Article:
The surest thing to do is call the dealer and ask what the offset is supposed to be for your particular model of telescope, set it and then leave that alone. It is not normally a part of the collimation routine.

 

This is where I start to get confused about what we're referring to when we talk about "offset" secondary.. I've read various guides that discuss offset ("new" vs "old" etc. - for example http://www.mikehotka...anTelescope.htm ) and even still, they show that concentric circles are the goal.  Even in the guides I've read that DO discuss setting proper offset it sounds like this is done by moving the secondary in/out towards the focuser as well as up/down the tube... NOT in the direction that I centered my secondary (across the tube - please correct my terminology if there is a standard term for this axis).  I did not touch the spider vanes that move the secondary in/out with respect to the focuser.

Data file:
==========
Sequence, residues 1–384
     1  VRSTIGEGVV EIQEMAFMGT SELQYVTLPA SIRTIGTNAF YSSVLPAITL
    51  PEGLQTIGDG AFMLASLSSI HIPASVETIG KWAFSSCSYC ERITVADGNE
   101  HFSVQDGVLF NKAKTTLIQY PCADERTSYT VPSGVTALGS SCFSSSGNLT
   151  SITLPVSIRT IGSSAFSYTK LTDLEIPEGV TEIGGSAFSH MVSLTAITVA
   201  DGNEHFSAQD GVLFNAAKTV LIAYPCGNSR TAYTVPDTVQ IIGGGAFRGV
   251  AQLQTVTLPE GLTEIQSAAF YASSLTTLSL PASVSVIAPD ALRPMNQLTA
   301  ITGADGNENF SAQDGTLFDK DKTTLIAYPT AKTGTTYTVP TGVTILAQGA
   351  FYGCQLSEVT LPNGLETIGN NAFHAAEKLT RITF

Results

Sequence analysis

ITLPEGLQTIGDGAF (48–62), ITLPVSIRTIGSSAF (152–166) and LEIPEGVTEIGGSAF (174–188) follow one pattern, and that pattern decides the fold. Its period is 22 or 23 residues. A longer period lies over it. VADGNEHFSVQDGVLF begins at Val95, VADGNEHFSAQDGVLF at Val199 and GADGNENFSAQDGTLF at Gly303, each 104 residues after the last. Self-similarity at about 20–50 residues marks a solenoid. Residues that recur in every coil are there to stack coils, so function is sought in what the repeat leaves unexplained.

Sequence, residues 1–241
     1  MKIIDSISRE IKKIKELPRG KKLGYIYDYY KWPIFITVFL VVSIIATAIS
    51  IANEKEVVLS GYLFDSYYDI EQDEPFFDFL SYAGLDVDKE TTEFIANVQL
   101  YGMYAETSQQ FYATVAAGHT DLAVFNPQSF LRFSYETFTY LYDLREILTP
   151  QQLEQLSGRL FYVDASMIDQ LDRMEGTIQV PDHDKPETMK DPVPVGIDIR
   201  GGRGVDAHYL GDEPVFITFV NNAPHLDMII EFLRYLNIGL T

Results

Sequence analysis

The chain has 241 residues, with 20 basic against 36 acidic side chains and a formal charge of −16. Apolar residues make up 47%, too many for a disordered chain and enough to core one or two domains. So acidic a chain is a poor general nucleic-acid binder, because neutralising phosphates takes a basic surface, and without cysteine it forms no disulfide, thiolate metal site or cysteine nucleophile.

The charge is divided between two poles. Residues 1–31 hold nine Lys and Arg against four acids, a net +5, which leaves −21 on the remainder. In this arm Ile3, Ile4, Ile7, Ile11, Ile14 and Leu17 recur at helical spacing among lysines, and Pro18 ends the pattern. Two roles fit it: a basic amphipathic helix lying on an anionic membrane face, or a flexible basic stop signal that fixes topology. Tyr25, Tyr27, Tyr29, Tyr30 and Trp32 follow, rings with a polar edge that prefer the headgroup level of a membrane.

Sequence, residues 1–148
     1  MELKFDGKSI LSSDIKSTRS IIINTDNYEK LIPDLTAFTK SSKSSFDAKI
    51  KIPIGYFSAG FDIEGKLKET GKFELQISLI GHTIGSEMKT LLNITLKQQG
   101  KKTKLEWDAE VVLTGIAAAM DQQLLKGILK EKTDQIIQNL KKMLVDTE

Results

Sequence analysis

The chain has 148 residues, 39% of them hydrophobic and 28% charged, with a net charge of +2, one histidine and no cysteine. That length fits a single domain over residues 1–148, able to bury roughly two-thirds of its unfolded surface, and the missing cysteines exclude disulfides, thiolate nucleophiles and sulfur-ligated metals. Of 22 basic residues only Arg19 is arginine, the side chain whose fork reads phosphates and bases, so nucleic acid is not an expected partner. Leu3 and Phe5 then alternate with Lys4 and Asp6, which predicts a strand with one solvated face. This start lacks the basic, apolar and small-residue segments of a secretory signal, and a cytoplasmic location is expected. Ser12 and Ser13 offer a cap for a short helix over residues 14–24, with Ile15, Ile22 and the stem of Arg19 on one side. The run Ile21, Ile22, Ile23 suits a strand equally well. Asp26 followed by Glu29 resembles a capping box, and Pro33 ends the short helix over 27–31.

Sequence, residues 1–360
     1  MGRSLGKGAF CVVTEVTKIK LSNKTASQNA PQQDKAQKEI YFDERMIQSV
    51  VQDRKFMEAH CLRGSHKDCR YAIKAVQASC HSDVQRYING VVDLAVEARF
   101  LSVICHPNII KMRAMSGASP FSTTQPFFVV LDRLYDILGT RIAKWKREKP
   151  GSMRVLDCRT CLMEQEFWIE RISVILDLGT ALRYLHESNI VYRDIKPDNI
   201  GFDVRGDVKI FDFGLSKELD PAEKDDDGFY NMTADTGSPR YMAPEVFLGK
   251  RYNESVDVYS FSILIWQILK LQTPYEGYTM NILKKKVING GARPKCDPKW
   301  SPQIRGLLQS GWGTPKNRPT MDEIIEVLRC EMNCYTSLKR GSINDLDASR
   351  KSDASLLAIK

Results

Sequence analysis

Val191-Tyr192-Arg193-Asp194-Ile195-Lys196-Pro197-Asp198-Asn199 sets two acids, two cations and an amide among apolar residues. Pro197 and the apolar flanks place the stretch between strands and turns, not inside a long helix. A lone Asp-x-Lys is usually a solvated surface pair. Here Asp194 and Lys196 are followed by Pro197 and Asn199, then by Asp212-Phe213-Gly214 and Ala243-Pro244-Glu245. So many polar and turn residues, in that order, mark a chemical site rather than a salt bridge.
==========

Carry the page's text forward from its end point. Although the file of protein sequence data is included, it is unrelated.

@Vic Menard :

 

Looks like I'm cross posting you at this point -- can't type fast enough!  Commenting on all your posts collectively:  I think I'm following as far as optically aligning everything in terms of crosshairs, centers of circles etc.... what is bugging me is that I can't achieve the concentric green circle you drew without making significant adjustments to the "cross axis?" spider vanes.  If I'm following you though it sounds like that is not necessarily critical, so long as everything else is optically aligned i.e. crosshairs intersecting the mid-point of the various circles?  I'm following you as far as tilting the secondary etc... I hadn't actually tried to collimate anything in photo 1 EXCEPT for trying to center the secondary outline in the focuser.  Would it be acceptable to leave the secondary in that position, and then follow the remaining steps (rotate until round, tilt secondary until primary well centered, then adjust primary until secondary reflection is centered)?